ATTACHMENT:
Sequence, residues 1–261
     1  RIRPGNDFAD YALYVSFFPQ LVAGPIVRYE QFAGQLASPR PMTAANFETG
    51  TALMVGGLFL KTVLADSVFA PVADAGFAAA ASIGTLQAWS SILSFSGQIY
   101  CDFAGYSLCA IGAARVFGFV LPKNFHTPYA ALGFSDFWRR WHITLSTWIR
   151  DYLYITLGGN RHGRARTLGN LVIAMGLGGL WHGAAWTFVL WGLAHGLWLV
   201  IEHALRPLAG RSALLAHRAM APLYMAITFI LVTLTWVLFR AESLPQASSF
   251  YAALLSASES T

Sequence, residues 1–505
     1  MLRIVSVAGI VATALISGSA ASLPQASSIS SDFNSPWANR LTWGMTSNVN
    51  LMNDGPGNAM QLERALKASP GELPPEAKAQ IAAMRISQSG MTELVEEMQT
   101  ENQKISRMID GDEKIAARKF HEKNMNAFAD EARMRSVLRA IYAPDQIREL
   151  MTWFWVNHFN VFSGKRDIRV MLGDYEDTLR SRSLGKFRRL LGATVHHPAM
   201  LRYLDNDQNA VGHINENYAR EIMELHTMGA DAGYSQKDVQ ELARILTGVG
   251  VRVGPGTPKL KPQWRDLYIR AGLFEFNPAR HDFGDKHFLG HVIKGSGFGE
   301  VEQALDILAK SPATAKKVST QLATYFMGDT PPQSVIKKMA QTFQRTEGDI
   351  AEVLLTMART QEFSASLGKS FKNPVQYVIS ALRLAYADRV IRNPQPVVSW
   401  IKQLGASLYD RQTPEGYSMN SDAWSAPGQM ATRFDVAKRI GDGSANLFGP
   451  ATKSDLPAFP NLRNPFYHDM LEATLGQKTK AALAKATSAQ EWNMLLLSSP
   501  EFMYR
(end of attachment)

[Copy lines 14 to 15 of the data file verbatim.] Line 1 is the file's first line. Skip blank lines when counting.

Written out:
   251  VRVGPGTPKL KPQWRDLYIR AGLFEFNPAR HDFGDKHFLG HVIKGSGFGE
   301  VEQALDILAK SPATAKKVST QLATYFMGDT PPQSVIKKMA QTFQRTEGDI